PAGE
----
What's on - Museums and archives

Details of museums and archives exhibitions and events.

Museum of Wigan Life are free unless otherwise stated.

Exhibitions and events

Ancient Egypt - as seen on BBC TV

Ancient Egyptian maskPermanent display
Price: Free

Our popular Ancient Egypt Rediscovered exhibition is now on permanent display.

Get up close and personal with ancient coffins, grave goods and a spectacular gold mask. This amazing collection covers over 3000 years of Egyptian history.

Child’s Play – A celebration of childhood

Date: On now - recurring event, every week until December.
Time: Please check for Museum opening hours
Price: Free

A new exhibition giving children a taste of life in the Victorian era. A free interactive experience giving families an insight into Victorian Life to present date through dress up, games and education.

Children in the Mines – Talk by Alan Davis

Date: Thursday 17th May
Time: 12.30pm - 1.30pm
Price: £2.50 - including tea/coffee

Places are limited so please book by calling 01942 828128 or email Museum of Wigan Life.

The 1842 Children’s Employment Commission (Mines) contained shocking verbatim evidence from men, women and children working in the Lancashire coal industry, leading to the Coal Mines Act 1842.

The Act banned women and girls from working in coal mines and boys had to be aged ten at least. Evidence from local mineworkers is featured in the presentation.

Child's Play - May half-term

Date: Tuesday 29th May 2018 & Thursday 31st May 2018
Time: Tuesday - 12.30 - 2pm, Thursday - 1pm - 2.30pm
Price: £2.50 per child

Places are limited so please book by calling 01942 828128 or email Museum of Wigan Life.

Join us for May half term! Make your own unique game of snakes and ladders and go on a quiz trail around the new childhood exhibition.

Invasion of the Body Snatchers

Date: Thursday 28th June 2018
Time: 1pm - 2pm
Price: £2.50 including tea/coffee

Places are limited so please book by calling 01942 828128 or email Museum of Wigan Life.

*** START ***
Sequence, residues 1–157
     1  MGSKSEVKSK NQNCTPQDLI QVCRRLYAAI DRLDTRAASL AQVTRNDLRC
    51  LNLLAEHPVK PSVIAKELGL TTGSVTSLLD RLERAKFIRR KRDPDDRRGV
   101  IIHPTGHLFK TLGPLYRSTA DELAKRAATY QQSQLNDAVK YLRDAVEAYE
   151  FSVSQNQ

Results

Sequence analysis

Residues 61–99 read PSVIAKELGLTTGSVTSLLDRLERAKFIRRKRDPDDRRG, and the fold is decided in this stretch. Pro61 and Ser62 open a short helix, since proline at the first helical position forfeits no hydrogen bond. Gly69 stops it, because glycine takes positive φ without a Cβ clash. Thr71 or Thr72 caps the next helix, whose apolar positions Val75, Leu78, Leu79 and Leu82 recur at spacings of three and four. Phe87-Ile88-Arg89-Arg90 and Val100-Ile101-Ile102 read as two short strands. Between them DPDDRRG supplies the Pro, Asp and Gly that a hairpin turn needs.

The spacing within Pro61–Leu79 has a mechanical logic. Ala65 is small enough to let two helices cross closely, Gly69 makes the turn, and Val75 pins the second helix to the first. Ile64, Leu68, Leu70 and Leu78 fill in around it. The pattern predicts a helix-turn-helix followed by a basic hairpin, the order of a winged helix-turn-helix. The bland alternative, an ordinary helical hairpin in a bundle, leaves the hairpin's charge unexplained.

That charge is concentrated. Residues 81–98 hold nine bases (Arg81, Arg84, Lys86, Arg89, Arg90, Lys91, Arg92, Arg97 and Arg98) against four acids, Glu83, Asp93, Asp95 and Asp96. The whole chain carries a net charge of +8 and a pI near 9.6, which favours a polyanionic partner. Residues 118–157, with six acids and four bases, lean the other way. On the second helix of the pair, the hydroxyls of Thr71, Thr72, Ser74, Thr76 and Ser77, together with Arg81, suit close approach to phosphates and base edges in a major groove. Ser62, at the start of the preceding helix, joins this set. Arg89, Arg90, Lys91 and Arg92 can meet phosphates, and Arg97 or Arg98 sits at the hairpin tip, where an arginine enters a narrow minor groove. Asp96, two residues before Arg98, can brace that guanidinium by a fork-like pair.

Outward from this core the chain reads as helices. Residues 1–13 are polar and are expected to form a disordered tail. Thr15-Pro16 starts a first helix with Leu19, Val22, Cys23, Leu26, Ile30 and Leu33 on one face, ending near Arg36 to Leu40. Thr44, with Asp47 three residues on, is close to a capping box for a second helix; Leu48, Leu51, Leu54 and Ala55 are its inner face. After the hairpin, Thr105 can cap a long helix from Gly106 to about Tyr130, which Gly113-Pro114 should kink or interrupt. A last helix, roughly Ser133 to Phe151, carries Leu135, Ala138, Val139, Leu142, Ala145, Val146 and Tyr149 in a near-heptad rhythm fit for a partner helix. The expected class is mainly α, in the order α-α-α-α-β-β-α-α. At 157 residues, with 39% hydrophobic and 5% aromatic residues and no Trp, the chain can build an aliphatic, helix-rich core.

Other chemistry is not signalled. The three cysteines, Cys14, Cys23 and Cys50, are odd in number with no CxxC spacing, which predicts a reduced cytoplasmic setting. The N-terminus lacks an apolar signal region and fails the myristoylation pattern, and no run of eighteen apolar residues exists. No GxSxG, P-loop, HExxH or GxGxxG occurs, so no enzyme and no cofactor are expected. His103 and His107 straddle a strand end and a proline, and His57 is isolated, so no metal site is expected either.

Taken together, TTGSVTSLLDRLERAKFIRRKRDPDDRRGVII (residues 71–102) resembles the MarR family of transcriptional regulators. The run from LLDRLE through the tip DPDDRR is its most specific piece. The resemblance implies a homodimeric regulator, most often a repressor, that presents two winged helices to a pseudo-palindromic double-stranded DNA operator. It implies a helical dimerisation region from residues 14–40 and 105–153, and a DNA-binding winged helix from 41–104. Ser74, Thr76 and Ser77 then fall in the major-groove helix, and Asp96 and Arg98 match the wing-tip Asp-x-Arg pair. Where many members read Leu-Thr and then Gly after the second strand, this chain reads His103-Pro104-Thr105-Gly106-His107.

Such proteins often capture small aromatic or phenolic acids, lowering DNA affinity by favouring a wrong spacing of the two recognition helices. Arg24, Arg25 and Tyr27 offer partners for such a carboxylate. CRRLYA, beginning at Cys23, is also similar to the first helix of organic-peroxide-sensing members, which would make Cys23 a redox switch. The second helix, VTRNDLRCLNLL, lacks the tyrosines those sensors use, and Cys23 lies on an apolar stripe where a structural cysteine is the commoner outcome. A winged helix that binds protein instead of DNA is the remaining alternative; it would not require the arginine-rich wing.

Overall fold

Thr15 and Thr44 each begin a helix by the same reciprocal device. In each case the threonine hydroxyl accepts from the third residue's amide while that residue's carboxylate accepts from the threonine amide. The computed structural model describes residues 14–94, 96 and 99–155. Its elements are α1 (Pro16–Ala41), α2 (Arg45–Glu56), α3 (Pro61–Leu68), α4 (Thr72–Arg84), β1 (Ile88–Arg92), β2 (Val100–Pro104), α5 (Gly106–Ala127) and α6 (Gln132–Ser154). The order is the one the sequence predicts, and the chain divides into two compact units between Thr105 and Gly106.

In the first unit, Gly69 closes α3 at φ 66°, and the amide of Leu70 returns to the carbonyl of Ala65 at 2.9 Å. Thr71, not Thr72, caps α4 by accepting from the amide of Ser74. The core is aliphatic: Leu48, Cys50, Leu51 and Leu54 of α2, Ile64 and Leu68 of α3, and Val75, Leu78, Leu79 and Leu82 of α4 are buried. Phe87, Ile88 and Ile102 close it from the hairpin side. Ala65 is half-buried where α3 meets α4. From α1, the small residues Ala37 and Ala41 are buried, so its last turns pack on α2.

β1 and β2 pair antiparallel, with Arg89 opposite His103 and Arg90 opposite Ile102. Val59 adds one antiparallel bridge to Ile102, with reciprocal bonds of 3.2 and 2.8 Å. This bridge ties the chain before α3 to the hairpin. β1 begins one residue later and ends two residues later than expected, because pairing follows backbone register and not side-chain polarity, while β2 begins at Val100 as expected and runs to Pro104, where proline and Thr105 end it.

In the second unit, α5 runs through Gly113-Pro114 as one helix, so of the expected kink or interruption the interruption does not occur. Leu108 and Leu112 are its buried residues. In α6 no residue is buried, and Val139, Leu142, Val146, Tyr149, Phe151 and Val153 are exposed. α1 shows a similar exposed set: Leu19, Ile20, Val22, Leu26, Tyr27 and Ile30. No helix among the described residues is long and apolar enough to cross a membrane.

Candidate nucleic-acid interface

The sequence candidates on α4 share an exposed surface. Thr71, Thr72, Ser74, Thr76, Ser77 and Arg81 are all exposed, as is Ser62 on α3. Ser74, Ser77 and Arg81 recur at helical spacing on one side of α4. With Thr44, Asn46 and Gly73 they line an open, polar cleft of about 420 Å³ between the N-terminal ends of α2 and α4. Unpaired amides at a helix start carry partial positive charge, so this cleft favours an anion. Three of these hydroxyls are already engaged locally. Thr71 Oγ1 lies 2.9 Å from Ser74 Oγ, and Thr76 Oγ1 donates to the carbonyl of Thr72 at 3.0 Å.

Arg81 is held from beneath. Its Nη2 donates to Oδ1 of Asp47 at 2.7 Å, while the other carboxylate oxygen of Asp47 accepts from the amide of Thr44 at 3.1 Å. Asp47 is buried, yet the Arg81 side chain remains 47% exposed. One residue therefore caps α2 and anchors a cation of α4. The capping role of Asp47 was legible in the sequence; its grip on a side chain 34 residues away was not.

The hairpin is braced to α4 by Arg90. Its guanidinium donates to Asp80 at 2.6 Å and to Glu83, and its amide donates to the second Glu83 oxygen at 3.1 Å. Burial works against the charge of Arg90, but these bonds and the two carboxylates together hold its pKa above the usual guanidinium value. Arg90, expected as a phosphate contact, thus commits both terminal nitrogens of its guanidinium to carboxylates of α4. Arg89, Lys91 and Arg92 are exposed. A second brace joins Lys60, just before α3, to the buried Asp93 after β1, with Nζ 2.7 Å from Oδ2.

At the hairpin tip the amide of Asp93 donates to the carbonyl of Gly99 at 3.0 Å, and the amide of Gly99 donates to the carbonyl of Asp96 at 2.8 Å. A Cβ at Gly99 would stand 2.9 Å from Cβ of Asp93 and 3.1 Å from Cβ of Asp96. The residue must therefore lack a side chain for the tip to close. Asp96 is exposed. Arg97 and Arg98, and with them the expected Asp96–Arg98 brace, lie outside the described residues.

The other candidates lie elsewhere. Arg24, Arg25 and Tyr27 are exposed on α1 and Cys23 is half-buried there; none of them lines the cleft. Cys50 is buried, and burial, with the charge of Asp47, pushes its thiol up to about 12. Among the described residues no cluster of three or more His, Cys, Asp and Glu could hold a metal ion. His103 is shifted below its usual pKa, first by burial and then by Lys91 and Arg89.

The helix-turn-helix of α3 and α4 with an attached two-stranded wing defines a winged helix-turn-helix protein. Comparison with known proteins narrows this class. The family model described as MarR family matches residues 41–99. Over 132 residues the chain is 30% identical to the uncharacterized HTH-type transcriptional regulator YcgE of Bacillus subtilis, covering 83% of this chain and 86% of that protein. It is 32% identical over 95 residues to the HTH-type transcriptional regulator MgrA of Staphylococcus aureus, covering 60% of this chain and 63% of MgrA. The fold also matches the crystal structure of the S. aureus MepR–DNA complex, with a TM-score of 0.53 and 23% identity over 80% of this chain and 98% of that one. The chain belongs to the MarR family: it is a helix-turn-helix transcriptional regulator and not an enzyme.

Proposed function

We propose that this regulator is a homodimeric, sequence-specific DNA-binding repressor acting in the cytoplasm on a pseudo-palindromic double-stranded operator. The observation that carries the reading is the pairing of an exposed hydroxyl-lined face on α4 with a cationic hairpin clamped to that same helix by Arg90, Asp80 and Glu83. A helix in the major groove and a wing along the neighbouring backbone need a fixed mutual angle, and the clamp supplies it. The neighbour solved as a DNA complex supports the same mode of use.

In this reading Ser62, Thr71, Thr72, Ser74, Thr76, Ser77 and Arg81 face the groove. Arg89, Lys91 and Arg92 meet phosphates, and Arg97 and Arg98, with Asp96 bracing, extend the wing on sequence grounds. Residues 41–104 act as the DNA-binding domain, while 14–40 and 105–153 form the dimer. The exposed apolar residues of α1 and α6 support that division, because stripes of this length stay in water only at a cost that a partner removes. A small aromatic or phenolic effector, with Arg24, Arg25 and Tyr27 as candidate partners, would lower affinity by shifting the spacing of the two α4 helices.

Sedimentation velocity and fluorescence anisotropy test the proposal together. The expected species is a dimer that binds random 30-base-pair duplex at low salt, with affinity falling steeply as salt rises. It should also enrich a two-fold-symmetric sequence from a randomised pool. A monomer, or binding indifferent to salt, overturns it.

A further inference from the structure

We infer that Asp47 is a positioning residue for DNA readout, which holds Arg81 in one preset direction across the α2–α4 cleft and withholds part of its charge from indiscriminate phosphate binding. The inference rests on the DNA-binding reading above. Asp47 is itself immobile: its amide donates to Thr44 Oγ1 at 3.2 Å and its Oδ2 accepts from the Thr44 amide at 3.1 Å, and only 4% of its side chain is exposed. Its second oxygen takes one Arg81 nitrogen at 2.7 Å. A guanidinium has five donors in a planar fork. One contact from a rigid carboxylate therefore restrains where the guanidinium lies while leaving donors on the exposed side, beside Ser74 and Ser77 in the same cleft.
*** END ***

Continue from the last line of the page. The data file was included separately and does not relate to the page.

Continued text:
The treatment of the dead throughout history has undergone an evolution spanning social, economic and religious domains – the historical treatment of the body runs concurrent to contemporary concerns of how best to deal with a corpse. The Biblical concept of sleep as a metaphor for death is a common theme within both the old and new testaments and throughout the 19th century to rest in peace was essential for the spiritual wellbeing of the deceased.

So, when it came to scientific research, dissection was the Christian equivalent of arriving to a party wearing the wrong trainers - nobody was going to get into Heaven in 4 parts. Prior to the Anatomy Act of 1832, under the Murder Act only the bodies of executed murderers were allowed to be dissected and anatomised by the medical schools. It was therefore necessary for the 10 or so universities in Britain offering medicine as a vocation to resort to other methods of supply to meet demand – the services of the Resurrection Man. The lure of the financial reward was enough for men to risk not only their morality but also their lives.

Royal Children in Ancient Egypt - Talk by Dr Campbell Price

Date: Thursday 13th September
Time: 12.30pm - 1.30pm
Price: £2.50 - including tea/coffee

Places are limited so please book by calling 01942 828128 or email Museum of Wigan Life.

The lives of royal children are perhaps the best known from ancient Egyptian society. This lecture traces the experience of being a child using archaeological evidence before illustrating the special status of the Pharaoh's offspring.

Dead and Buried - Talk by Charlie Guy MA

Date: Wednesday 31st October 2018
Time: 12pm - 1pm
Price: £2.50 - including tea/coffee

Booking is essential. Please call 01942 828128 or email Wigan Museum to book your place.

Join us on Halloween to dispel the dark myths of the Victorian dead and shine a light on some of the forgotten, outdated and downright creepy funerary practices, traditions and superstitions from the age. From booby-trapped coffins and body-snatchers to photography and funeral souvenirs, come and explore the fascinating world of the Victorian dead brought back to life.

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